I asked him the same question I had posed to David. ‘The attraction of hill running is going to different places and having fantastic scenery,’ he said, ‘but in terms of the racing and the guys you race against, there is a community spirit, a camaraderie, that you don’t really get with track running. Track running is quite intense; people are focused and don’t really socialise much with each other. In hill running you feel like you are all in it together. You can race seriously, but afterwards or beforehand you can have good chat and good banter with the other guys. That’s what makes it really enjoyable.’

‘And the view?’ I ventured. During the climb, a flash of light had drawn my gaze from the ground to the sky. A shaft of sunlight was bursting through grey clouds. It was beautiful. But in an instant, my eyes snapped back to mud.

‘In training you can go out for a run and appreciate the scenery and surroundings. It feels like you have left all your normal life behind and you can just be at one with nature.’

Five steps to becoming a hill runner

Step one: Find a hill

Edinburgh’s geography is unique. There are hills within running distance of much of the population. To the west is Corstorphine Hill; to the south is Blackford Hill, Braid Hill and the twin peaks of Craiglockhart. Close to the city centre is the inimitable Arthur’s Seat. Further afield, but very close to the Edinburgh bypass and the Edinburgh-Biggar road, are the Pentlands. The hills are closer than you think: the summit of Allermuir in the northern Pentlands is just a mile from the Swanston road end.

Step two: Take your time

Even the very best hill runners walk up steep slopes. Sometimes it is simply more economical. To maintain the momentum of uphill running is a mental battle. Keep your stride short, look ahead to pick out the best lines of ascent, and try to run slightly within yourself. Hill running is a skill that, like anything else, demands practice. The more time spent experiencing descents and crossing rough, uneven ground the easier it will become.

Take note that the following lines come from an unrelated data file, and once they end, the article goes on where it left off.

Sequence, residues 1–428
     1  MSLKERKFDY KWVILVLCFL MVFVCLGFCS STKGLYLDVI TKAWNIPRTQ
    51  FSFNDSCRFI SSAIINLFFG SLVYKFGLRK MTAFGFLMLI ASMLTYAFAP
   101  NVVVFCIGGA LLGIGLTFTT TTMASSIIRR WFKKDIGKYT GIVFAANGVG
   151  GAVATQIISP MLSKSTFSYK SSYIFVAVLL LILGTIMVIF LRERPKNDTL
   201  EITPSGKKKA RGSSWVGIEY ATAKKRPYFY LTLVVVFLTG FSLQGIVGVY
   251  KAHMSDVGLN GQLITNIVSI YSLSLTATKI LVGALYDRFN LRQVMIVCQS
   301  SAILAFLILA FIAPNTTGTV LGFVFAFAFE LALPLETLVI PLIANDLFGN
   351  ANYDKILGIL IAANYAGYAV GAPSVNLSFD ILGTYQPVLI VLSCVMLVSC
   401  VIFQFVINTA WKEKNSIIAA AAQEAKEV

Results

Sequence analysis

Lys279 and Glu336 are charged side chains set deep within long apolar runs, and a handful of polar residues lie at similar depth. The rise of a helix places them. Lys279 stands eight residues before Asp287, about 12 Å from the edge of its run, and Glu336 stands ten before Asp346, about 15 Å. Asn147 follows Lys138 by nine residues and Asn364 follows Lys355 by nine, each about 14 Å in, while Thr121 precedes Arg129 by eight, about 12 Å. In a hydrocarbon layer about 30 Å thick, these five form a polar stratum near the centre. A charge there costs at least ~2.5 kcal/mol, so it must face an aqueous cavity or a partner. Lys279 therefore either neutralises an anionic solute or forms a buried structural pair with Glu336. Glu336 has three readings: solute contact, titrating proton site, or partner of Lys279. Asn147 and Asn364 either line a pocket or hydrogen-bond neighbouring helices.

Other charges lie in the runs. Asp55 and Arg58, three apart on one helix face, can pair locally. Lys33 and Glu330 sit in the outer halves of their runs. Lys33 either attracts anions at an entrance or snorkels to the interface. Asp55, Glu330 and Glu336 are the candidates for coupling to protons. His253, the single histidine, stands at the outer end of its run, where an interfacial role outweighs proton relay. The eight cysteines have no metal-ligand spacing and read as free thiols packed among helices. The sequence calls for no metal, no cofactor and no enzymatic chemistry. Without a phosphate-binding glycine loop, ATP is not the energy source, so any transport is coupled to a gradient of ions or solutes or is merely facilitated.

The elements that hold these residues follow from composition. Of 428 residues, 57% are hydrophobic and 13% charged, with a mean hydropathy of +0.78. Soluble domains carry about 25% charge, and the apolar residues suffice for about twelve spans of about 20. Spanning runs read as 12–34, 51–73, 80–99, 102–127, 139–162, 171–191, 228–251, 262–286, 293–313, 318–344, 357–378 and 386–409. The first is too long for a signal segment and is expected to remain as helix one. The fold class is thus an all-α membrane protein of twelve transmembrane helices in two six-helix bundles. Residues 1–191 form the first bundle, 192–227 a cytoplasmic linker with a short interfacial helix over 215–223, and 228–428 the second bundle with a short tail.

Step three: Like Andrew Douglas, enjoy the view

You do not have to climb very high or for very long to reap the rewards of your efforts. Even at 157 metres above sea level, the view from Easter Craiglockhart Hill, my closest summit, is extraordinary. Edinburgh is laid out before the onlooker. The higher you go, the better it gets. From Allermuir, even Arthur’s Seat looks puny. The view stretches to Bass Rock, along the sweep of the Firth of Forth to the bridges, framed with mountains beyond.

Step four: Join a club

A thriving Edinburgh hill running scene is dominated by two clubs: Carnethy and Hunters Bog Trotters, although other city-based clubs also have hill running cliques. Some of Britain’s best hill runners have donned the vests of Carnethy and HBT, but the clubs ultimately remain inclusive, catering for all abilities and beginners. Visit their respective websites for details about training.

Step five: Enter a race

Hill races are legendary for three reasons: their camaraderie, their affordability and their no-nonsense approach. Do not expect a medal or a goodie bag. Do not expect a patronising health and safety lecture. Do expect a table groaning with cakes. Do expect to chat about your shared experience, for – regardless of speed and ability – you all ran up that hill, waded through that bog and got soaked by that cloudburst. Local races still to come this year include the Baddinsgill Round (August 28) Pentland Skyline (October 9). See here for a full calendar.

This article was first published in Issue 3 of EH Fitness magazine.

@MuirJonny